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State of the Screens

‘To sell more TVs, we need to have better TV content’: Why Vizio is trying to standardize addressable TV advertising

By July 31, 2019No Comments

The big shift: Smart TV manufacturers such as Vizio and Samsung are creating ad-supported streaming channels in their OS to compete with Roku and Amazon.

Share of U.S. TV households with a smart TV according to Nielsen:
2018 – 39%
2019 – 47%

The goal for Smart TV manufacturers: The profit margin on a smart-TV is roughly 6% (ex: $30 of profit on a $500 smart TV) which is leading the manufacturers toward other revenue streams such as addressable advertising.

The benefit for consumers: Cheaper smart TVs and more free video content that is supported through advertising.

The benefit for advertisers: More addressable advertising inventory to reach consumers.

Quote from William Wang – CEO @ Vizio:
“For us to sell more TVs, we need to have better TV content. We need to have more free content,”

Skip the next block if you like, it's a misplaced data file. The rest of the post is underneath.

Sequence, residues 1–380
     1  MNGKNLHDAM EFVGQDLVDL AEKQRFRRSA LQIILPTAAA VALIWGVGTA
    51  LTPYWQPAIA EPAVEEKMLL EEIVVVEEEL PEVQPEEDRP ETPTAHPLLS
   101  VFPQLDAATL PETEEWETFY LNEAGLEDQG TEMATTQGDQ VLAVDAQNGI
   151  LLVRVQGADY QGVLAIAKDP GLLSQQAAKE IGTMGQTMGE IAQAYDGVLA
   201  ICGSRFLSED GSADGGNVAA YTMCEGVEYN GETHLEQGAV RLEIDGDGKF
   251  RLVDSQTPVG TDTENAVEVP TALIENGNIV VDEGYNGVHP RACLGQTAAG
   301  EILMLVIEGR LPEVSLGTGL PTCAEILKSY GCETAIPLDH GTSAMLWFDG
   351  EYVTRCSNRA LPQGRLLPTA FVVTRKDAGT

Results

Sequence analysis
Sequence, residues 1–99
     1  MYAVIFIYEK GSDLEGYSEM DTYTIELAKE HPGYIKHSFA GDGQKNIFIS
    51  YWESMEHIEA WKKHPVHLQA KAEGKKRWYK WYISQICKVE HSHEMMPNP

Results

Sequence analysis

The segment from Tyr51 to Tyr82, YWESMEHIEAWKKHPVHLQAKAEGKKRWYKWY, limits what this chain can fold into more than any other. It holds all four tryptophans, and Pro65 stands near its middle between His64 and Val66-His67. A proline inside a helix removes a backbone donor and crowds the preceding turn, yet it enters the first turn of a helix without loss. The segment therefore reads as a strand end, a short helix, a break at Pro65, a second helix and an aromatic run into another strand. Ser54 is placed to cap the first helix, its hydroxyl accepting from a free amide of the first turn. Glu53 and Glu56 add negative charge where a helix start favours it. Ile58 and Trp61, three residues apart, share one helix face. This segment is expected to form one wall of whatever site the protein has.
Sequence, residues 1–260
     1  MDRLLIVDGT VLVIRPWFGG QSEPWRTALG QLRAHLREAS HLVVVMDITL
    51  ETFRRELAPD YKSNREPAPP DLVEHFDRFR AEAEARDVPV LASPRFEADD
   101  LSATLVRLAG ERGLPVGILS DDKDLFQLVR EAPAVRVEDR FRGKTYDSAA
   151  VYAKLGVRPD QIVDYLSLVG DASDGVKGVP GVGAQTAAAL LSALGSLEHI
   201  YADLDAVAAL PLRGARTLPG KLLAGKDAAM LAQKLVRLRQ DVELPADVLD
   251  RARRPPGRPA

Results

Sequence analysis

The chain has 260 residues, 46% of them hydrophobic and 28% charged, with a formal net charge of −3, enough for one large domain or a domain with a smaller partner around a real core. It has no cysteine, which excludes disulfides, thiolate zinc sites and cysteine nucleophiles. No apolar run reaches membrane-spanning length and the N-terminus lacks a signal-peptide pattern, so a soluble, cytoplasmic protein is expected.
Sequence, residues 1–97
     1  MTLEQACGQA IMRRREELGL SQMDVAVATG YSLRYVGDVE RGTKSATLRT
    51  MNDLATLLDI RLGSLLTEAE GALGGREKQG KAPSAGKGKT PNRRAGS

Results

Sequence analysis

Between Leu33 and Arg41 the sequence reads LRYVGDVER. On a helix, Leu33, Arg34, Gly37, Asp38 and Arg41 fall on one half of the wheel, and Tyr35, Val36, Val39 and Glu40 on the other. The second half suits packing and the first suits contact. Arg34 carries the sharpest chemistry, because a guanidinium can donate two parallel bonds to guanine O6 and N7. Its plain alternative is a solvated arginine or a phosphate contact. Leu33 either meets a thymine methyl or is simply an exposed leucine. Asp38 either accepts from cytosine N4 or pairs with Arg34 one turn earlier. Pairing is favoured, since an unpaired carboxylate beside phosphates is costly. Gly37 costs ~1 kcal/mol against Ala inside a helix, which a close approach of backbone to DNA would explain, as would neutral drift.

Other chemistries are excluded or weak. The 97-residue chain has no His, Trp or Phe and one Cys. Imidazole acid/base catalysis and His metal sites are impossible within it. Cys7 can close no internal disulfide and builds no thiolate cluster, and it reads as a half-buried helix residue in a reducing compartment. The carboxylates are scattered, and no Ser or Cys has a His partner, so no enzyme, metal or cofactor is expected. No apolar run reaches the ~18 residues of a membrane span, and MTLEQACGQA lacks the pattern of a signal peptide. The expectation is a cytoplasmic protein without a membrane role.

TV content + digital attribution: Addressable advertising through a smart TV is able to provide digital like attribution (purchases, store visits, etc.) through a technology called ACR.

What is ACR? Automatic Content Recognition (ACR) is a technology that identifies the content that is playing (TV show, etc.) based on what it hears. It is alternative to collecting viewership through panels (Nielsen, etc.) and/or set-top box data (ComScore, etc.).

The players in ACR:
Nielsen Gracenote
2) Inscape
3) Samsung Ads
4) Roku
5) Alphonso
6) Samba TV

Advertiser plans for advanced TV over the next 12 months according to the IAB:
Increase – 59%
Stay the Same – 38%
Decrease – 3%

Podcast: How We Get To Better Measurement

More #1: Waiting For Addressable: Why It’s Taking So Long For The Industry To Get Its Act Together

More #2: Paul Haddad Explains How a4 Is Inventing the Way Advertising Works

Michael Beach

Michael Beach

Michael Beach is the Chief Executive Officer of Cross Screen Media, a media analytics and software company that enables marketers to plan, activate, and measure CTV and linear TV at the local level. Michael is also the founder and editor of State of the Screens, a weekly newsletter focused on video advertising that is a must-read for thought leaders in the advertising industry. He has appeared in such publications as PBS Frontline, The Wall Street Journal, The New York Times, Axios, CNBC and Bloomberg, and on NPR’s Planet Money podcast.

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